1985 Fonseca - showing an opaque ruby hue with bing cherry and pomegranate syrup aromas and a touch of cocoa. Youthful, rich, "class-in-a-glass, this Fonseca really kicks it. It appears now to have surpassed the Graham's for top honors (besides the Nacional) of 1985. It was possibly the best balanced wine of the entire tasting. Huge and expressive rush of juice on the finish that is just starting to gain complexity. A solid powerhouse of a Port with lively tannins and a superb finish. It's still such a toddler! 96 pts. 1994 Fonseca - Totally black/purple in color showing wild flowers, lush violets and a mild lactic nuance on the nose. As much as I liked the 1985 this was another breed altogether. It has a more classic Fonseca structure and poise, given its decade in the bottle. Dense, chewy blackberry flavors that tail off to the plum spectrum and provide waves of juicy, ripe fruit that is filled with glycerin. This Fonseca 1994 is a tannic monster which is atypical of how this has shown in the past when I've found it more approachable. It finished with gobs of mouth filling viscous Porty flavors - and brought a smile to my face. TOP HONORS of the tasting; with twenty+ more years before it will truly offer up its best showing! 98 pts.
1997 Niepoort - I am glad Nicos picked this wine out of the cellar as I wouldn't have touched this one for at least another 3 years. I had this '97 early on but I've still never had the Noval from this vintage, which got the nod from the Wine Spectator as tops of the vintage. Very dark color and showing some intriguing orange peel and exotic spices on the nose. Massive, yet finely balanced and showing much more approachability then the preceding wine due to the round tannins. This is in a fruit forward stage at the moment with sweet blue and boysenberry jam flavors, although the Port itself is not jammy. The '97 Niepoort never did quite finish, it just lingered until it was time to try the next wine. WOW! If you don't like this wine, you don't like great young Vintage Port. 97 pts.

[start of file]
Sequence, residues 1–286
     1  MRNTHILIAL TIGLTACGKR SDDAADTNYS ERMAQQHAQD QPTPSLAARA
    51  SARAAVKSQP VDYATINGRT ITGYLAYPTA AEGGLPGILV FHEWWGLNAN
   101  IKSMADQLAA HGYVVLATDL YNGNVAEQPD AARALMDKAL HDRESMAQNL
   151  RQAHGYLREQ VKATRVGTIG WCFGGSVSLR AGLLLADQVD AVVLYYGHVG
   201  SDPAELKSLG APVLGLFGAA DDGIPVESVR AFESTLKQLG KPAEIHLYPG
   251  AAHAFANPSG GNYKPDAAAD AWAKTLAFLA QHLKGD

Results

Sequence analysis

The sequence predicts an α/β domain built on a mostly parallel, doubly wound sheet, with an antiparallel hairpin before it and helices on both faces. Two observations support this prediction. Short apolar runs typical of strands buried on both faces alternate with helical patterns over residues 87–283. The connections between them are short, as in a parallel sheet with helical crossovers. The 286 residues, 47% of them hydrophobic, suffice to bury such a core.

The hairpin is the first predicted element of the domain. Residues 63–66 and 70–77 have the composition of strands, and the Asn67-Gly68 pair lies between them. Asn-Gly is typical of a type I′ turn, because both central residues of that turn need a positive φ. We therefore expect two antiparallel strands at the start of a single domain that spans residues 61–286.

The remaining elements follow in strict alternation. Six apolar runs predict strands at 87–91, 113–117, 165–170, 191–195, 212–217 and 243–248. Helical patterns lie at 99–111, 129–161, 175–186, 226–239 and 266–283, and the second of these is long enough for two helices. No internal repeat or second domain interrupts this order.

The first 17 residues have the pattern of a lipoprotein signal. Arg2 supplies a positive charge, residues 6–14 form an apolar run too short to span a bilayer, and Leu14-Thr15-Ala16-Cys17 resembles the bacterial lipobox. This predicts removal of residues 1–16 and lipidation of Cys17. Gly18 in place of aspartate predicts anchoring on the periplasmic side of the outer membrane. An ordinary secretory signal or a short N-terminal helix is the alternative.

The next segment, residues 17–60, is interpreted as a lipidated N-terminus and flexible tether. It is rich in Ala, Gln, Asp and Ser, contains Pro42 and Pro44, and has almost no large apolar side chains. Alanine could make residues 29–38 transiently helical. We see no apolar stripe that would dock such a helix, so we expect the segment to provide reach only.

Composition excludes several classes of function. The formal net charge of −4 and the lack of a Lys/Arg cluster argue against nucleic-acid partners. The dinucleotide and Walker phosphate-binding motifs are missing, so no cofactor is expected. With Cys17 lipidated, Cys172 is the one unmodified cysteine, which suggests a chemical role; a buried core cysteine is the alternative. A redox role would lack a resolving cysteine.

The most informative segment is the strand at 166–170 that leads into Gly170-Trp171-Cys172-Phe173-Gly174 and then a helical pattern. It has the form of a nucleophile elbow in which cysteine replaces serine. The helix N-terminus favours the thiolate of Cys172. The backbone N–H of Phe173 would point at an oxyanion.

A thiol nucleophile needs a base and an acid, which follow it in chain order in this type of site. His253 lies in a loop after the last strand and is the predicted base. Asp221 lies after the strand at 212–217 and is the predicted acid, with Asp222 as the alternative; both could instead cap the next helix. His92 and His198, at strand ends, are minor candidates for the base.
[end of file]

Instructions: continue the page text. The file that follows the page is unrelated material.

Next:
2000 Quinta do Vesuvio - Well this made for four consecutive beauties and had the '83 not been tainted, the string would have been even longer. It looked like black ink in the glass. I opened a bottle of this fairly recently for our Seattle Tasting Group but it was the first time for Nicos and since I had talked him into buying some cases too, I thought he deserved to try it. I could conclude by saying, 'what more could you possibly ask from an infant VP'? I heard others in the room that were not as impressed and kept my comments to myself. This delivers such ripe, boisterous and slightly jammy, viscous juice that overwhelms the palate, if not the brain. Moderate tannins show up on the surreal finish. Port on steroids or was this actually a young Harlan? Neither, just a top notch young 2000, which is way high in the pecking order from this wonderful vintage. Given the big fruit, the balance is impressive and the overall structure, near perfect. If you don't own any of these - shame on you. 96 pts.
Three Centuries of Porto Rocha - Dark amber with a yellow edge. It enlightens with a gracefully smooth and seductive mouth feel and a toasty, smoky, slight salty/nutty nuance with layers of coconut, hazelnut and mandarin orange providing profound complexity. The finish is what legends are made of. One of the most unique bottles of Port in that it is shaped like a sail, or as if someone cut the bottle in half lengthwise. The blend, a small amount of very old Colheita (ca. 1900) but mostly other Rocha Colheitas from 1937-1950s, was created by Port expert Todd Cromwell, a local Seattle area importer of Portuguese wines. Thanks Todd! 93 pts.
In addition to having a lot of fun, we all learned more about Port and it was interesting to see how the wines developed with age versus some of the much younger vintages we tasted. It seemed like everybody came away with a better understanding of Port and I could tell that a few folks who had been sitting on the sidelines were now fully hooked. Yes!
A wonderful weekend came to an end after the Italian wine dinner that followed the Port tasting. Three tastings, three dinners, 100 bottles of wine and 18,000 calories later, it was all over. Thanks to Mr. Mario Ferreira for sharing his knowledge of Port and bringing some excellent brochures from the IVDP. I know that everyone benefited from his presence.